The most effective thermoregulatory response in infants is nonshivering or brown fat thermogenesis. Brown fat is located at nape of the neck, interscapular region, axillae, and groin and around the kidneys and adrenals. Oxidation of triglycerides releases fatty acids to be consumed in generation of heat which is distributed through the blood stream to various parts of the body. Clinically significant nonshivering thermogenesis is thought to be present up to 2 years of age. It might, however, be inhibited by anesthetics agents and this fact may play a critical role in development of intraoperative hypothermia.8-10

Minimal development of musculoskeletal mass makes shivering an insignificant mechanism of thermogenesis in infants. The shivering response probably does not become important until early childhood, although age dependence has never been firmly established.11 Protective mechanisms from hypothermia and shivering mechanism even in the higher age group to some extent are influenced by pharmacogenomics and pharmacogenetic factors.12

Perioperative period is the time when child is exposed to a cold environment of operating room (OR) due to administration of non-warmed intravenous fluids, and potential evaporation from the operated areas. However, these factors alone usually do not cause hypothermia as such. Caution has to be exercised even during the recovery phase and in postoperative wards which mandates the need for postoperative rounds by the anesthesiologists.13 Although thermoregulatory vasoconstrictive mechanism is efficient in infants and children, they are functionally similar to adults in being unable to increase the metabolic rate in response to even mild hypothermia under anesthesia. In fact, it is the failure of effective thermoregulatory defenses which induces hypothermia in a child.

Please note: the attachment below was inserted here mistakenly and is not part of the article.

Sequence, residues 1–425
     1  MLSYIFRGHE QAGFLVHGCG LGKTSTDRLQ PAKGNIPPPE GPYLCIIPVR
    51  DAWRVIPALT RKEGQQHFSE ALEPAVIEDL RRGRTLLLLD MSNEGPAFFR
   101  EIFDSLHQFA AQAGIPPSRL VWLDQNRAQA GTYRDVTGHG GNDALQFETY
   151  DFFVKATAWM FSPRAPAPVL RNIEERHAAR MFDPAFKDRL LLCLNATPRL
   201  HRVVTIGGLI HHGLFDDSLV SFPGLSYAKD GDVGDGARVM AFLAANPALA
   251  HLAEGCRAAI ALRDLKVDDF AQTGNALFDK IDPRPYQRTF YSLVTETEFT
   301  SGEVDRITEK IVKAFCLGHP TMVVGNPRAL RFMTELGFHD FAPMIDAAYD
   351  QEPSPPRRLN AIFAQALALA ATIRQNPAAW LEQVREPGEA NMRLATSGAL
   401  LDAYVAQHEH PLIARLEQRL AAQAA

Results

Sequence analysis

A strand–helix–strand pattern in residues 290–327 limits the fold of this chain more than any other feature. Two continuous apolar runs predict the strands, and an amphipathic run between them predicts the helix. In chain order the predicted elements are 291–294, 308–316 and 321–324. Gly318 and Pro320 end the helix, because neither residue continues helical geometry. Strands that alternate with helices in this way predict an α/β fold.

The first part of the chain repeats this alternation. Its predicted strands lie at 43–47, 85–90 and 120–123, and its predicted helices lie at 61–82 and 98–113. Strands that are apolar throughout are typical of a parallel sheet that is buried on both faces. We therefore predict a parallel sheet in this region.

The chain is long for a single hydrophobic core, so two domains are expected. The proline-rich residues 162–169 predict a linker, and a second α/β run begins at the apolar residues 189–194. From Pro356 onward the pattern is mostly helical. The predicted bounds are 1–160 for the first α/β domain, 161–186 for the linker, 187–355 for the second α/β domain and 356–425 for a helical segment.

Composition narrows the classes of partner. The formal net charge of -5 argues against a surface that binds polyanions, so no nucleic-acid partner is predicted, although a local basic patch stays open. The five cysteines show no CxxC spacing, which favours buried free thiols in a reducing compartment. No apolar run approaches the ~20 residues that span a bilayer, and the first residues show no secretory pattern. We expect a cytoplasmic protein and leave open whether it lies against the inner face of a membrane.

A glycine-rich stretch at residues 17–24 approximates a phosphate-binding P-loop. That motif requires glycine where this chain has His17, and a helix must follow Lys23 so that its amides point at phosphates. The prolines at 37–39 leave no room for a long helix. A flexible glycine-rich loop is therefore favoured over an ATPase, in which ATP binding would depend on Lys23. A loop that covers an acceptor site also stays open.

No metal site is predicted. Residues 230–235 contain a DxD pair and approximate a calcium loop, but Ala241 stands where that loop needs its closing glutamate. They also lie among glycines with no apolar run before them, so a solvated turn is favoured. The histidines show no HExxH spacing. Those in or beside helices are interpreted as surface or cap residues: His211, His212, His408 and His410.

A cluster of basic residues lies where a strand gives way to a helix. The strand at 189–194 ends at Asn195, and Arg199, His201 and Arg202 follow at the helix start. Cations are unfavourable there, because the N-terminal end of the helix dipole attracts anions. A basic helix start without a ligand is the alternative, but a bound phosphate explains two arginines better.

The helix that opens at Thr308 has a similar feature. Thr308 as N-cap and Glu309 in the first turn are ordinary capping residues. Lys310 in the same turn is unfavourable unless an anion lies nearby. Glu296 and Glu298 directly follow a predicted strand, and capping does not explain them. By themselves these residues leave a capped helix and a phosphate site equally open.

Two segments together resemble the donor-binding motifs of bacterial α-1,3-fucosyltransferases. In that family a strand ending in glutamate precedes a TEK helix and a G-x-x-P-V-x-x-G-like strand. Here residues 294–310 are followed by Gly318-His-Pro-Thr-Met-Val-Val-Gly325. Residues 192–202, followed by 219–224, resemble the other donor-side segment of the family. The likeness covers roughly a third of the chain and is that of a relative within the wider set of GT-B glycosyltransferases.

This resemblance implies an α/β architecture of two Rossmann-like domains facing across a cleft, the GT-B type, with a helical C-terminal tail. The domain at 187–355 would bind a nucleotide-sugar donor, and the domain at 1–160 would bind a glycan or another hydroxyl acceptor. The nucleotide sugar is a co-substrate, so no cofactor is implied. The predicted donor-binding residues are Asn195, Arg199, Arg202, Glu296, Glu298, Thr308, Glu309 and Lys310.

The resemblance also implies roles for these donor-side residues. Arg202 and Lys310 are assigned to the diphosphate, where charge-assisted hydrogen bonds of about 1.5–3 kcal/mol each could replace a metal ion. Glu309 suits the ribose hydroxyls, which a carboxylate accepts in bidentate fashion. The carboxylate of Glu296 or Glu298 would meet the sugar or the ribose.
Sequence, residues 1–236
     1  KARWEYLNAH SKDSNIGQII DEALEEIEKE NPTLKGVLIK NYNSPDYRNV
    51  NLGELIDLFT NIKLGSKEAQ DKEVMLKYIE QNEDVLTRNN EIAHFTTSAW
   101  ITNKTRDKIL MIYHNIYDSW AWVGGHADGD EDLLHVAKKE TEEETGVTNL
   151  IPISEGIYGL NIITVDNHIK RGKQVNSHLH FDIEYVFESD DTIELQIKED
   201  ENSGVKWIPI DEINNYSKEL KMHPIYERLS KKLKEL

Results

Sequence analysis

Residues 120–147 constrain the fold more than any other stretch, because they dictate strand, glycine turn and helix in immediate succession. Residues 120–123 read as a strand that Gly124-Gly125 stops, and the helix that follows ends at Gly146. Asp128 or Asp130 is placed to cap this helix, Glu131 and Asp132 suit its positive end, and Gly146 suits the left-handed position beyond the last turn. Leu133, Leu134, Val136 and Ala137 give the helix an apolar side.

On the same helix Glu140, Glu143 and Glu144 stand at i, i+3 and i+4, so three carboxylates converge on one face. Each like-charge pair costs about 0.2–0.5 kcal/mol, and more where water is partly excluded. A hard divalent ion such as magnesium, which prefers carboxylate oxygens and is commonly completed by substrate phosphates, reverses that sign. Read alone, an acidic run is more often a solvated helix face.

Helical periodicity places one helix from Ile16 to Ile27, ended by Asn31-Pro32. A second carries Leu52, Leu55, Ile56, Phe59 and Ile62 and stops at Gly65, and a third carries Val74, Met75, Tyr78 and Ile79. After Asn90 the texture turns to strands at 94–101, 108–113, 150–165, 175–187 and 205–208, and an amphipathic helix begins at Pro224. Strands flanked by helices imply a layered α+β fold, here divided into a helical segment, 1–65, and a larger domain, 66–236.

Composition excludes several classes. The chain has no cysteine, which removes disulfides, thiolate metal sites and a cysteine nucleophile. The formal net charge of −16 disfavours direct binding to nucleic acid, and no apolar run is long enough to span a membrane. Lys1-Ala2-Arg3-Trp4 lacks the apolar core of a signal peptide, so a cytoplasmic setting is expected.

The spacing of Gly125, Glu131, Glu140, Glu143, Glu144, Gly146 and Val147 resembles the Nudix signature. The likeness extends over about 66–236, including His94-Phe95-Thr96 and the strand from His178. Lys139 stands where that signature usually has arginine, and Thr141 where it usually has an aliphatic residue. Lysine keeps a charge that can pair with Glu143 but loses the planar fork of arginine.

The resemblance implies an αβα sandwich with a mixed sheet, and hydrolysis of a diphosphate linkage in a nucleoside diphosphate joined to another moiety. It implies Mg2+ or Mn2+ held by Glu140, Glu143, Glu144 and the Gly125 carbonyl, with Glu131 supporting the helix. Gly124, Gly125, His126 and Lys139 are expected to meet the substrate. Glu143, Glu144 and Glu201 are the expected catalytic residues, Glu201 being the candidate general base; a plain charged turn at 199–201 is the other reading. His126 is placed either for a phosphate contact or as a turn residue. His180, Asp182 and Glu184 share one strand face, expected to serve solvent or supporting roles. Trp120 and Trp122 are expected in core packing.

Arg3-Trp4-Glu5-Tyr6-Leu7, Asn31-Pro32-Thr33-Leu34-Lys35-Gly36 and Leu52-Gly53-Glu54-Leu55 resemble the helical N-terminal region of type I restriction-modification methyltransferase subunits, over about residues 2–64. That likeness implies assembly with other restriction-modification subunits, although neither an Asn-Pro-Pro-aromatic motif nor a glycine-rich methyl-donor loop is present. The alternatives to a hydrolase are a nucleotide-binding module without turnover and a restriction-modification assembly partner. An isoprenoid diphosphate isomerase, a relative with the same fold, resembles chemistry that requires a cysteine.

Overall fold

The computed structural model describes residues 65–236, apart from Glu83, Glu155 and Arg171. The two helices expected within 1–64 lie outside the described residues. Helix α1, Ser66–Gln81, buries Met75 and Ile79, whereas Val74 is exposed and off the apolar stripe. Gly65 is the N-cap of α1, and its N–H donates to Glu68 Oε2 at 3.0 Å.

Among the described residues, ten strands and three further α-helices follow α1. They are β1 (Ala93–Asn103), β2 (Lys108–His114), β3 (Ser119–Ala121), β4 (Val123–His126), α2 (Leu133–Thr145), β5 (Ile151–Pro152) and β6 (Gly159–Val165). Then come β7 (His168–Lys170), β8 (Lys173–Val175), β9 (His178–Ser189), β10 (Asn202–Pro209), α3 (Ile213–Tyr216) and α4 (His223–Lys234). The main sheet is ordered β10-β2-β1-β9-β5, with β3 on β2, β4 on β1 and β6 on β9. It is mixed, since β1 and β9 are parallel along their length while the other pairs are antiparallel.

Induction of general anesthesia results in a three-phase decrease in core temperature; core-to-peripheral heat redistribution, linear core temperature decline, and core temperature plateau.14 Initially, vasodilatation caused by anesthetic agents results in redistribution of heat from the core to the periphery. Body heat content remains unchanged. Infants and children experience little heat redistribution because of their small extremities with respect to torso. As a result, redistribution may have a less contribution to intraoperative hypothermia.15

The initial phase of redistribution is followed by a stage of thermal imbalance in which there is net heat loss to environment. The heat is lost mainly by radiation, convection, conduction and evaporation. Radiation is responsible for maximum heat loss up to an extent of 40% and is proportional to environment / core temperature difference. Convection is the other major source of heat loss and denotes the loss of heat to air molecules surrounding the body. Conductive heat loss is due to difference in temperature between body and surfaces in contact. Evaporation refers to heat loss from skin, respiratory, bowel and wound surfaces. The pediatric patients are vulnerable to intraoperative hypothermia because of increased heat loss due to their large surface area to weight ratio, large head with thin scalp and skull, thin skin which increases evaporative losses and lack of subcutaneous fat.16

After three to four hours during intra-operative period, core temperature reaches a plateau reflecting a state in which heat loss is equal to heat production. Usually the core temperature plateau occurs at a lower temperature,17 although the core temperature is maintained during this phase. This may mask a continuing decrease in body heat content as the loss from extremities continues unabated.